The Hills of Cromdale riding in a long arc above the Haughs of Cromdale., all above the old settlement of……..you guessed it….Cromdale. A quaint little town along the banks of the Spey (or near it) home to one of the oldest distillery and countless illicit ones hidden in the patchy wooded and thick heather slopes (obviously not these days but you never know!)
Being not very high hills, this would be another of those pre-dram walks, taking up just enough time and producing enough sweat to earn probably more than just one. In addition, it has to be necessary for all you lovers of battle site and huge weird cairns.
But tales of slashing sabers and man handling of stone to come later, first we begin at the start of the walk. In this case two places could be used, the farm at Lethendry offers parking off the road, if you ask first at the farm house (it is a working farm) or there is a small layby near the track at NJ101285 which is better to visit the battle site. I took the farm route but only because I did not know about the layby. But regardless both offer those lovely farm tracks upto Clash nam Piobair or better known as the pipers stone – quite a climb upto it but well worth the views your get now that a lot of the forest is cut down below it.
The top above is reached by following the very boggy path to the first cairn, a huge pointy thing commemorating a coronation. The other cairn, the jubilee cairn, is quite visible from this one to the north and has a little visitor book hidden in its depths – good for those who like to leave a trace of their visit.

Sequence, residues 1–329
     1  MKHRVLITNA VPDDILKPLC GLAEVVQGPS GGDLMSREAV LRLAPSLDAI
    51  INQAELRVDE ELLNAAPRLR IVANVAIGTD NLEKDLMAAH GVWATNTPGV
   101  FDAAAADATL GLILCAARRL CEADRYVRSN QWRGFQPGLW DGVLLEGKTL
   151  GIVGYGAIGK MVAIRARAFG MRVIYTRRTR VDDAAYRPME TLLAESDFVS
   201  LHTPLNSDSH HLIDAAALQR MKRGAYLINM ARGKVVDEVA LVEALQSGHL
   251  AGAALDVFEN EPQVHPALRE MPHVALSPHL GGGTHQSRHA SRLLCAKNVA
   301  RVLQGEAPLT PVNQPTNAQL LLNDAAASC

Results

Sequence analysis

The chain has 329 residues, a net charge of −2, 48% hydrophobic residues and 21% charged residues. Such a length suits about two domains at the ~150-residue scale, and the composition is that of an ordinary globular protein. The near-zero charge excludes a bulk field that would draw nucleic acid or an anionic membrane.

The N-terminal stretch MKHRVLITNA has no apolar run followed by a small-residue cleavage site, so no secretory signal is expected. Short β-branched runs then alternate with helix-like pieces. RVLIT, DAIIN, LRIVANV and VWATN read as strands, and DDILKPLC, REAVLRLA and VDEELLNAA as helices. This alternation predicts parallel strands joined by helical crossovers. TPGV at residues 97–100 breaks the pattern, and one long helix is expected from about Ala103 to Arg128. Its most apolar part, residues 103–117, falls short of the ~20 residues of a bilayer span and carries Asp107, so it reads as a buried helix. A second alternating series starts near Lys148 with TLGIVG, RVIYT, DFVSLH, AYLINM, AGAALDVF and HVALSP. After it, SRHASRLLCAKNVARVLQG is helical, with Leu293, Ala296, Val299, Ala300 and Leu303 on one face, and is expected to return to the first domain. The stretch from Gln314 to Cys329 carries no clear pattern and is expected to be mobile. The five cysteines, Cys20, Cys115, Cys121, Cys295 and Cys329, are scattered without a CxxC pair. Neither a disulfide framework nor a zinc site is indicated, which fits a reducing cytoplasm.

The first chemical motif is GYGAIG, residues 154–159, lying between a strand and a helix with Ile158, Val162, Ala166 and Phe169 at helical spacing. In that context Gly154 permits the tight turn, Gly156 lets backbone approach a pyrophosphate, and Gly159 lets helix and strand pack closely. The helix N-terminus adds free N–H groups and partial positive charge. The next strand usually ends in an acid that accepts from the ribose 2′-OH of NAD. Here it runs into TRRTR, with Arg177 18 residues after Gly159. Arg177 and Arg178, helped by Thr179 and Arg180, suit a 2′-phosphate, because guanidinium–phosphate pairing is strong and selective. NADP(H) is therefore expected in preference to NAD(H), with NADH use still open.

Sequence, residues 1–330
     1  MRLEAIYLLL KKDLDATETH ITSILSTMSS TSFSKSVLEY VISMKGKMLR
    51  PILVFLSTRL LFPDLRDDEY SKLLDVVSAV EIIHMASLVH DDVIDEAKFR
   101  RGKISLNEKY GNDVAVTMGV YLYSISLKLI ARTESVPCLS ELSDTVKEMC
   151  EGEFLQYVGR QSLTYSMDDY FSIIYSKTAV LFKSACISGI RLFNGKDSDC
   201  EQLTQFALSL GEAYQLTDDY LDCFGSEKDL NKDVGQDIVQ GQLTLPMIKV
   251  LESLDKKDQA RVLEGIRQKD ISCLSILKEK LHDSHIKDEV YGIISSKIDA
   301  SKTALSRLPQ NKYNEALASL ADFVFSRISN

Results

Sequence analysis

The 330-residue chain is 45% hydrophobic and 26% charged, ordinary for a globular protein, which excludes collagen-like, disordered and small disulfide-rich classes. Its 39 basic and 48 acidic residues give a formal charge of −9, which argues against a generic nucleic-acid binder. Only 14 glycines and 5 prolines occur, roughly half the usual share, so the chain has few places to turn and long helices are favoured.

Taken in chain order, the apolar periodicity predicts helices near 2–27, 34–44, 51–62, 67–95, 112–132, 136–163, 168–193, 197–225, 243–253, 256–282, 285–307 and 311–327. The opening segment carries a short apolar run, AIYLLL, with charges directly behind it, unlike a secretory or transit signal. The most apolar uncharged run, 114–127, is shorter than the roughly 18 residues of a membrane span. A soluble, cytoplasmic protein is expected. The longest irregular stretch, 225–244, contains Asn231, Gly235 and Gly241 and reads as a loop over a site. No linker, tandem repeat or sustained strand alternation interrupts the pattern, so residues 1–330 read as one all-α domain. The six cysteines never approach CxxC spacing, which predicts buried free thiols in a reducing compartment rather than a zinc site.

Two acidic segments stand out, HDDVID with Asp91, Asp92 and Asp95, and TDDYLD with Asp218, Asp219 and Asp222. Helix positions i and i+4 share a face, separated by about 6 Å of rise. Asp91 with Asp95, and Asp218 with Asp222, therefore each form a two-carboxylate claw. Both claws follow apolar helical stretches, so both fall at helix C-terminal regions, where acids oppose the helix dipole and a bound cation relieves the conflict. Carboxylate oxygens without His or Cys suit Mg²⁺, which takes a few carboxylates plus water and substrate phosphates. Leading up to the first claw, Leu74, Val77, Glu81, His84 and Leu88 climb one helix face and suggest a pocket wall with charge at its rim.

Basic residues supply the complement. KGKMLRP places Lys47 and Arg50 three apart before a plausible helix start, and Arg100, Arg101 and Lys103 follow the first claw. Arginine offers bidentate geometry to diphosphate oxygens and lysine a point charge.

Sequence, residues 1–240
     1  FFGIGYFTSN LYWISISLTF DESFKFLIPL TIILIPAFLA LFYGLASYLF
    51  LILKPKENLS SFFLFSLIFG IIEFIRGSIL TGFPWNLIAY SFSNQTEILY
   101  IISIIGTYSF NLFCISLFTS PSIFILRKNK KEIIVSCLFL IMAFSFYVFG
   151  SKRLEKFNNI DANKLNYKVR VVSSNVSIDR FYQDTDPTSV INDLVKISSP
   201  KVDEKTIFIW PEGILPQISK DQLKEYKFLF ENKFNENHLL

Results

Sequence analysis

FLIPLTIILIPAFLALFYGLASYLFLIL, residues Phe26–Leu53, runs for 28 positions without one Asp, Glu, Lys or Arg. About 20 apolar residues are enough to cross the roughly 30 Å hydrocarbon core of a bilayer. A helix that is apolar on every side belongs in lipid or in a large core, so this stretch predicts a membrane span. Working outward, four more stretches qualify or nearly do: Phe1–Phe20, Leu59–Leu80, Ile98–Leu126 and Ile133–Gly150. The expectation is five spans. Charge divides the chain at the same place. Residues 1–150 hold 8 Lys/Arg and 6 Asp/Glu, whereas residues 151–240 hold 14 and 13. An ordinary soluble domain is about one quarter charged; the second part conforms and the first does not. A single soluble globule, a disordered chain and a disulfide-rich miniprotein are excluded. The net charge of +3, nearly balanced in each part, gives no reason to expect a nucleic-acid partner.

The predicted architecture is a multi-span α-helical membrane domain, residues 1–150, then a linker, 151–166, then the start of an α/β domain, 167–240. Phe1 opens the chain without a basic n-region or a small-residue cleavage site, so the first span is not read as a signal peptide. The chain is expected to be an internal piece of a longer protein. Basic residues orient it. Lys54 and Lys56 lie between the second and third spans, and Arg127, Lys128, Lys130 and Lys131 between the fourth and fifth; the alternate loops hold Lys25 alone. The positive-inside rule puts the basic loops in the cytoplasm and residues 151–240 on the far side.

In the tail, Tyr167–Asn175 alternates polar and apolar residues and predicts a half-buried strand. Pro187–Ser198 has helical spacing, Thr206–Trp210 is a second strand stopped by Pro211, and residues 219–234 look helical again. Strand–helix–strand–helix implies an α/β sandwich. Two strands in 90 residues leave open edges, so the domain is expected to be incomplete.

Views again are great of the glens below it, Glenlivet to the east and Grantown to the west with the cairngorms putting in a nice appearance to the south on clear days, this day not being one of them. However, never mind, the wind was howling as always, the ground underfoot was spongy (very spongy), the drenched mosses and heather giving way to my feet like a trampoline would.
By far the best bit to this walk has to be the stones, cairns and battle site, all offering a sort of weird presence to the place, but to explain this means venturing into that historical stuff again.
The battle known as the battle of Cromdale was between two forces, the government and Jacobite. The Jacobite being more on a recruitment drive rather than a picking fights mission camped after a long days on the Haughs of Cromdale while in the mean time government forces learning of their presence marched up from Inverness and spotted then from grant castle. They could of rested but the grants among them were eager to march on and attack at first light. If the Jacobite had used the old method of everybody being awake and at their post during the ½ hour of first and last light, things may have panned out differently. The government forces crossed the spey near dallachappie and after putting a small guard there out of action marched on undetected to the main camp. Eventually the alarm was raised once this huge government force was seen but way to late and a massacre then ensued whereby the Jacobite were totally routed.
Some did manage to get organized and did a defensive action to the castle at Lethendry but these too were eventually overcome. Despite the government decisive victory, it did come at a cost as do all battle, one such victim was a piper called Hamish whose sweet tunes gave courage to the government forces and the grants. The piper’s stone was placed to commemorate his death, but walkers should beware for it is said that he is still around sometimes during days of wind when he appears beside the unsuspected gesturing them to follow him to his death bed amongst his fallen buddies…spooky.
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Warning Please note that hillwalking when there is snow lying requires an ice-axe, crampons and the knowledge, experience and skill to use them correctly. Summer routes may not be viable or appropriate in winter. See winter information on our skills and safety pages for more information.